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The first official day of E3 2011 started off with big news from the Nokia Theatre, where Nintendo held its annual press briefing, and ended up at a cowboy bar on Sunset Boulevard. In between, there were some impressive presentations of huge new games coming in the next year or so, and one new indie game that parents should check out for their youngsters at holiday time.
Say what you will about Nintendo, but they give great press conferences. They started this year’s briefing with a full orchestra and chorus performing themes from Zelda games in celebration of the series’ 25th anniversary this year. As part of Zelda’s birthday party, it was announced that Link’s Awakening would be coming to the Wii Virtual Console and GameBoy, a 3D version of Oc arina of Time (with new added material) is on the way for the 3DS, Four Swords will be available for the DSi on DSiWare in September, and the new Skyward Sword is being released for the Wii (complete with a gold-colored Wiimote) for the holidays. Also, a symphonic presentation of Zelda music scores is planned for a world tour in the fall, and the Ocarina of Time soundtrack will be available for free with new Club Nintendo memberships.
Sales of the 3DS have been disappointing for the House of Mario, so a slate of new games has been announced to whet the appetites of those still on the fence (and who won’t be buying the similarly priced PlayStation Vita). Included are 3D versions of Mario Kart, Star Fox 64 (which you can control by tilting the console instead of using the buttons) and Super Mario (the first Mario game made completely from scratch for a handheld). Also new for the 3DS: Kid Icarus: Uprising, featuring 3v3 multiplayer and Augmented Reality Card support; Luigi’s Mansion 2; and third-party games from Ubisoft, Capcom and others.
But they saved the most impressive for last. The new Nintendo console finally has a real name: Wii U (formerly Project: Café). Nothing was said about the console itself; it was the controller that got all of the attention. It features a 6.2-inch touchscreen, two buttons on the rear, two on the shoulders, two thumbsticks, the usual four buttons on the front, a D-pad, speakers, a microphone, a forward-facing camera and an accelerometer. And it can do some really amazing things. If your spouse wants to watch her soaps on the living-room TV, you can transfer your game from the TV to the controller and continue playing. It can be used in conjunction with the Wiimote in games that support both; in a golf game, for example, the touchscreen can be used as a virtual tee. Take your stance with the Wiimote as the club, look down at the ball on the touchscreen and swing away; the ball leaves the screen and flies onto your TV. You can also make video calls to others who have the system. Launch titles include a version of Smash Bros and LEGO City Stories for both the WiiU and the 3DS. And hardcore gamers, who’ve never taken to the Wii because it lacks content that interests them, will be very pleased with the WiiU. Games in the works for the new console include Darksiders 2, Assassin’s Creed, Ghost Recon Online, Aliens: Colonial Marines, Tekken and Ninja Gaiden 3. The only thing that wasn’t revealed about the WiiU: storage. One of the things players hate about the Wii is that it has no hard drive; no mention was made about whether or not this problem has been addressed about the WiiU. We’ll have to wait until sometime in 2012 to know for sure.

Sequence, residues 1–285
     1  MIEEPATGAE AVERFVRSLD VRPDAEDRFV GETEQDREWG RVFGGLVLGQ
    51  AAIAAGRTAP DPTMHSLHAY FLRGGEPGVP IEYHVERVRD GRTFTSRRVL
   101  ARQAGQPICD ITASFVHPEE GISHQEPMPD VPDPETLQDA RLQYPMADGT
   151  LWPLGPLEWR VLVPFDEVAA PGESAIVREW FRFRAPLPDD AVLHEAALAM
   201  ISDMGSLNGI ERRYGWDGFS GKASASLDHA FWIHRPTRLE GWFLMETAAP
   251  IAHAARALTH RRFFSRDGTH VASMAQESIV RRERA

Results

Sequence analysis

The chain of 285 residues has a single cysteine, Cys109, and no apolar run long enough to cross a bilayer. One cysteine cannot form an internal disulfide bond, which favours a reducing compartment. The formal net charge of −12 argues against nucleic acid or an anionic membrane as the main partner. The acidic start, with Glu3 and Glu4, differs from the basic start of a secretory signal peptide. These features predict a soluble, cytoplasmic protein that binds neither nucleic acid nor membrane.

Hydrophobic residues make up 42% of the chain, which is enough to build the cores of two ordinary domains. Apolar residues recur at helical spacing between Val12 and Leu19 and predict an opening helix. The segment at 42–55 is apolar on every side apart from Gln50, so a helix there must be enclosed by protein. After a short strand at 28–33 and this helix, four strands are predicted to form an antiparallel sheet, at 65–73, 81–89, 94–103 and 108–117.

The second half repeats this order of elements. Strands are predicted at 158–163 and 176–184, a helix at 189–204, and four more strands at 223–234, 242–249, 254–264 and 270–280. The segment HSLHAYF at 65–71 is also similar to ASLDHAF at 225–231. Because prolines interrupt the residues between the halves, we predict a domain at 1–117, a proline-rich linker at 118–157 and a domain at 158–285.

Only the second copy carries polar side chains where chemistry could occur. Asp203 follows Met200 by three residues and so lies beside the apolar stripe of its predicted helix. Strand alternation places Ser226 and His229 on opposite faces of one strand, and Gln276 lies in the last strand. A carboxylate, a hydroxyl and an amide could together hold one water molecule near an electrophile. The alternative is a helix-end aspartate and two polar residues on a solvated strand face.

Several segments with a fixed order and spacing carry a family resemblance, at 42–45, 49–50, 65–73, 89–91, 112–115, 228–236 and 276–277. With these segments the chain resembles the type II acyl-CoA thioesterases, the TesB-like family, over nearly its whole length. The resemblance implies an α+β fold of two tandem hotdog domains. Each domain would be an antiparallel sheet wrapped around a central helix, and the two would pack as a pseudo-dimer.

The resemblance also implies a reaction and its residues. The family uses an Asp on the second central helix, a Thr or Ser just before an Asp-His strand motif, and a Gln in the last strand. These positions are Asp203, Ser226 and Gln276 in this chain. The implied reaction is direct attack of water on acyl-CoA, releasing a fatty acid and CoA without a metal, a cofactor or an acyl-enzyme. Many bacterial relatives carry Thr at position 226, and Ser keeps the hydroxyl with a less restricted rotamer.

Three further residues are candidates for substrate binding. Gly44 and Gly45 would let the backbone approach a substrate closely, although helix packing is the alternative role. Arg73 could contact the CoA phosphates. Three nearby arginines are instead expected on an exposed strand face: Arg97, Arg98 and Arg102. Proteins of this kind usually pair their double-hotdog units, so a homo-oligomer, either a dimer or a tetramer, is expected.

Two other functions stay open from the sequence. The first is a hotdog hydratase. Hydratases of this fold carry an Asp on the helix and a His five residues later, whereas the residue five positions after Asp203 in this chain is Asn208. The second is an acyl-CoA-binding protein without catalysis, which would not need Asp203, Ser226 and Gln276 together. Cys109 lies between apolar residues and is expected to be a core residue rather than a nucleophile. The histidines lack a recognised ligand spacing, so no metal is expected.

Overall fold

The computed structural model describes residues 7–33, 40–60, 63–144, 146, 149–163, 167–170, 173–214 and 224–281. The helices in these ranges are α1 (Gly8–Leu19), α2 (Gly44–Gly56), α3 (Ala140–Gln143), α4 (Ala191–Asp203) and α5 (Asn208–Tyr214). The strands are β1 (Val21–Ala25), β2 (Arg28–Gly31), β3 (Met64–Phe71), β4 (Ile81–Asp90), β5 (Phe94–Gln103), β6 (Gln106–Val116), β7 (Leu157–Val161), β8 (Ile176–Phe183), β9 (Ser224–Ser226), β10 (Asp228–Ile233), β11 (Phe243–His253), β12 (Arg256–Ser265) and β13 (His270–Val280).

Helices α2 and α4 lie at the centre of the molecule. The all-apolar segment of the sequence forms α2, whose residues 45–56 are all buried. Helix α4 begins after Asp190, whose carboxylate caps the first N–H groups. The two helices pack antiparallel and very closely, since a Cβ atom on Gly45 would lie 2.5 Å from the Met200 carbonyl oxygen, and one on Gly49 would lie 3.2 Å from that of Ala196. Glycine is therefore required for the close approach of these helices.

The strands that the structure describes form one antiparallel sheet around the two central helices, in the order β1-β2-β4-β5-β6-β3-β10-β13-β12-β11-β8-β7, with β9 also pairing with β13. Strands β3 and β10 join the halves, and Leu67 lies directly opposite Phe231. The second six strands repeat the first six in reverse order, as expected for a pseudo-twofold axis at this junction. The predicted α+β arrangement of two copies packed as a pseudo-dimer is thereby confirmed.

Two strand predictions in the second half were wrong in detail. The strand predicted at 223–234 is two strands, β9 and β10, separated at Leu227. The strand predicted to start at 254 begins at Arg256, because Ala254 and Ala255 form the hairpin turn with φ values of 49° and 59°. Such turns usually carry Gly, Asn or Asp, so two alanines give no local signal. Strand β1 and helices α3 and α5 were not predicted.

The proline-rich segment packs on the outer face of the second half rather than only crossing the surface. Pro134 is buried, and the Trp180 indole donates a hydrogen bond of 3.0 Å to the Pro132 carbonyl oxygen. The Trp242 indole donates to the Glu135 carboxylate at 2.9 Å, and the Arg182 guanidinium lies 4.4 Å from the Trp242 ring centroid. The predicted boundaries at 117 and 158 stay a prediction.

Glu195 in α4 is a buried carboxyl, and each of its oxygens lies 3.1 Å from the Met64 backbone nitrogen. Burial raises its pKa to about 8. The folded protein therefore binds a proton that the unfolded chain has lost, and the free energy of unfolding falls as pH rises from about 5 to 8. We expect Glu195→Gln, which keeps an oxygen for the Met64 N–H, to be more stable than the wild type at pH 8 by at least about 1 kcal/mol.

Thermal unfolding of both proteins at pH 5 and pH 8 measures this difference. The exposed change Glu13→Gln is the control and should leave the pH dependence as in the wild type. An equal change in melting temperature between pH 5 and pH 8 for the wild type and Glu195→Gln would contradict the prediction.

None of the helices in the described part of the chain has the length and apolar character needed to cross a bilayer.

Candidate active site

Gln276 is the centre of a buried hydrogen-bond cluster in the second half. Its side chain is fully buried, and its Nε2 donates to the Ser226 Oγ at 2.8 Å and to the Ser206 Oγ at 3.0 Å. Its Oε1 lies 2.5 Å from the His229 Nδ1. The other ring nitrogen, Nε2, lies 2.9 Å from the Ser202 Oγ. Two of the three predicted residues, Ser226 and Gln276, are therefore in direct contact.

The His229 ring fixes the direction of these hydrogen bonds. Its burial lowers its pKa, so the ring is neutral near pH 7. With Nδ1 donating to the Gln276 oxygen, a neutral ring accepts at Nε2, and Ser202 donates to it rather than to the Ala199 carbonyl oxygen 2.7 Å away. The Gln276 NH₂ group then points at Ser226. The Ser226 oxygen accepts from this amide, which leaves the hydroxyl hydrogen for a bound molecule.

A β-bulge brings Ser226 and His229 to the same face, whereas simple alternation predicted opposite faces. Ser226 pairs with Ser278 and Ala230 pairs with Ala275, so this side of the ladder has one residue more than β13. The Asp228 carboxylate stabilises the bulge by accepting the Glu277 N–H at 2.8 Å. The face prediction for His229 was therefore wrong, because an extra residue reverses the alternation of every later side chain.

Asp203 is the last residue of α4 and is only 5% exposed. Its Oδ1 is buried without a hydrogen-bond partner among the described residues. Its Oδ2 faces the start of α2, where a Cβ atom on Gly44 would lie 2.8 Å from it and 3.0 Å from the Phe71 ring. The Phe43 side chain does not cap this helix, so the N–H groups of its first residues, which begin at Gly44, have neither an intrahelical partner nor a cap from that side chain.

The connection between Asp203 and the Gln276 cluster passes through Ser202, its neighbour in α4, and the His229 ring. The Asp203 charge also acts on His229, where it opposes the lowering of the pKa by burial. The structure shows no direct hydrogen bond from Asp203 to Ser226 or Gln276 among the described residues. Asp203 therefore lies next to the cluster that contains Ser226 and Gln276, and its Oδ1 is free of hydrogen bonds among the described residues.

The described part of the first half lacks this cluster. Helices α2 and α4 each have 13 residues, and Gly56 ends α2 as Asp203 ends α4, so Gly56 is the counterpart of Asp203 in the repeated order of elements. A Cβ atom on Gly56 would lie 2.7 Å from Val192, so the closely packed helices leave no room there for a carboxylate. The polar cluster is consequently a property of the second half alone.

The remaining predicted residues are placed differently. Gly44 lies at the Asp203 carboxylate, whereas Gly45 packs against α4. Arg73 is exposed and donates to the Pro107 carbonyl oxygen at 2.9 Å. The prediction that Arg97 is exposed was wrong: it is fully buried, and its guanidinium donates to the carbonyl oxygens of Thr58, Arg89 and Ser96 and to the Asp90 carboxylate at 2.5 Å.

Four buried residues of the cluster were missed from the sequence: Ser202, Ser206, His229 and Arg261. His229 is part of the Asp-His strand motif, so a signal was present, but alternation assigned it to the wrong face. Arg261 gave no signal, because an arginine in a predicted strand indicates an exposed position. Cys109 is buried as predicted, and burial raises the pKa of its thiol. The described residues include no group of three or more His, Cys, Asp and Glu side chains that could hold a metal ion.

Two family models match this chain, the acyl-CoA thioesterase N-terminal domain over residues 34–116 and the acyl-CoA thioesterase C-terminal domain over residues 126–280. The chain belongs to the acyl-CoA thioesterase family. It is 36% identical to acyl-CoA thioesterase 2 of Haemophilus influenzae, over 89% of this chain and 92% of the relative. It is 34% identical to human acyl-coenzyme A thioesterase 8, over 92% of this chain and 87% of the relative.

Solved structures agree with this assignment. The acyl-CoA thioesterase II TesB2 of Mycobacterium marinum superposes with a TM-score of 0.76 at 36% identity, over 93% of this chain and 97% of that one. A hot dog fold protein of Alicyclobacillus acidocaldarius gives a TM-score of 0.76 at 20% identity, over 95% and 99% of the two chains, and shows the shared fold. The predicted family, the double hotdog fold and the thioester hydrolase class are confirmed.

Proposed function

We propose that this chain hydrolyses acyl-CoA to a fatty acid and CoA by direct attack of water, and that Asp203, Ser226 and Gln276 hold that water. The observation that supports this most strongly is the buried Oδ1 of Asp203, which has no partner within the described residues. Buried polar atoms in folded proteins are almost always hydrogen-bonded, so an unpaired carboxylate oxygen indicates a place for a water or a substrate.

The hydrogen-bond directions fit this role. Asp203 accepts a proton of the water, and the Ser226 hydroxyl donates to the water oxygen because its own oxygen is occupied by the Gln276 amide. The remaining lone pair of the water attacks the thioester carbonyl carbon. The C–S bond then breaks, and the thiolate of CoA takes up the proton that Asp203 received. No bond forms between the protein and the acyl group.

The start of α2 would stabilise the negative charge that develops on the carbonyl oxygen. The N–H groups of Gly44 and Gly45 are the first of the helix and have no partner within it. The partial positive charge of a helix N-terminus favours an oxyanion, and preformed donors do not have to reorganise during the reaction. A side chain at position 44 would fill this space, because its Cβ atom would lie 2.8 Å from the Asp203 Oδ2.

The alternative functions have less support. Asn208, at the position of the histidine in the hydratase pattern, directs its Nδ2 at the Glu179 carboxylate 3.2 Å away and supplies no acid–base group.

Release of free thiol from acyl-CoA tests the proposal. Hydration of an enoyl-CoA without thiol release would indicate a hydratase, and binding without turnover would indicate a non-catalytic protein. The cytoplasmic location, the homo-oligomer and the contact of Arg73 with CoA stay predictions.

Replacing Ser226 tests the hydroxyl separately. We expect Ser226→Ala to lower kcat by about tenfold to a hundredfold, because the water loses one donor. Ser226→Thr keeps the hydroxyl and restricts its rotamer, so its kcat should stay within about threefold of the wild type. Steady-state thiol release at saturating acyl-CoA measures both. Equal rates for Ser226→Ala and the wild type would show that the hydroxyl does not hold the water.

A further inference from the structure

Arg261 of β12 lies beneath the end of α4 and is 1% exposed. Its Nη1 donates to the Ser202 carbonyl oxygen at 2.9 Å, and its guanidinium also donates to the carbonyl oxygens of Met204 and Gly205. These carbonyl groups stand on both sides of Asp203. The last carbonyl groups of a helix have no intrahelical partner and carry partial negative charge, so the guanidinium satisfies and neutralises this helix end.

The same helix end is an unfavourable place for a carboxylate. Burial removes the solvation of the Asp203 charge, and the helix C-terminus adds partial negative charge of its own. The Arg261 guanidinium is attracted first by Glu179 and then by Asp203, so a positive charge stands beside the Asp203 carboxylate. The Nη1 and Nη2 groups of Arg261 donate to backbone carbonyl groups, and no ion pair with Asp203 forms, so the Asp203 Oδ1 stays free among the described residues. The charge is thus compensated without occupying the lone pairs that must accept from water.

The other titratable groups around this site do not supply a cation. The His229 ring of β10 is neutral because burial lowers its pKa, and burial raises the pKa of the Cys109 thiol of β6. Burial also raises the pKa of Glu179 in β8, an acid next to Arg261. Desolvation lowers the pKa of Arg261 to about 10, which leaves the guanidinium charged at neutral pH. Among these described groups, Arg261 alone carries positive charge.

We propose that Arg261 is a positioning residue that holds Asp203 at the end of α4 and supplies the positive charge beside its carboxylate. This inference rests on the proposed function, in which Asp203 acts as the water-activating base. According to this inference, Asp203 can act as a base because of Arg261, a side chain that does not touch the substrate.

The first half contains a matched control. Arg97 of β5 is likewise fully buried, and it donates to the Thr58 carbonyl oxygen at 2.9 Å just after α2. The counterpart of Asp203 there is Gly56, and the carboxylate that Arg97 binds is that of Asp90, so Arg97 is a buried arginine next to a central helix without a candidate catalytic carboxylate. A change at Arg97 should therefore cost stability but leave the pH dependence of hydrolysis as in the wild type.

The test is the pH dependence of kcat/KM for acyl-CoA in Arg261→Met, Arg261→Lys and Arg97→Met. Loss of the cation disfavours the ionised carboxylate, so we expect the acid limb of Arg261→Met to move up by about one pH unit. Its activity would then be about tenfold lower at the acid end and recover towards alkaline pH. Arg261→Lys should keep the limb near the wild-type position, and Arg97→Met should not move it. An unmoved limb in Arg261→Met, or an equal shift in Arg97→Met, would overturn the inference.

To anyone who might attend E3 in the future, heed my warning: don’t schedule any appointments for right when the doors open! The sea of humanity waiting to get into the halls is biblical in proportion. Unless you get into the convention center early enough to be at the head of the throng, you’ll be guaranteed to be late to your first meeting. Such was the case with me today, as I was about 10 minutes tardy for my visit to the Bethesda Softworks booth to see perhaps the company’s most anticipated new game, Elder Scrolls V: Skyrim. The game, three years in the making, is powered by the new Creation engine and the Havok Behavior animation system, and it looked stunning during the 30-minute gameplay demo lead by Bethesda’s Todd Howard. The usual menu interface design has been replaced by a very pleasing, graphics-intensive layout that gives you a clearer and more-detailed look at your inventory and quest log. You can explore five major cities and 150 dungeons, and travel quickly from one place to another on horseback if you choose. Also, you can equip both of your character’s hands with whatever spells and weapons you want to use. Skyrim launches on November 11.
My most pleasant surprise of the show so far came at the Sony Online booth, where I had a chance to play the first few minutes of Papo y Yo, from developer Minority Inc. The game’s creator (also creative director and company president) Vander Caballero describes Papo as “a metaphor for growing up.” Set in a favela in an unidentified South American country, Papo casts you as a young boy who has a robotic friend named Lula, who helps him navigate his environment and solve puzzles. Eventually you make friends with a playful monster that joins you and Lula in your adventures. This game is a breath of fresh air in an industry awash in violent action games. Look for it on the PlayStation Network in November 2011.
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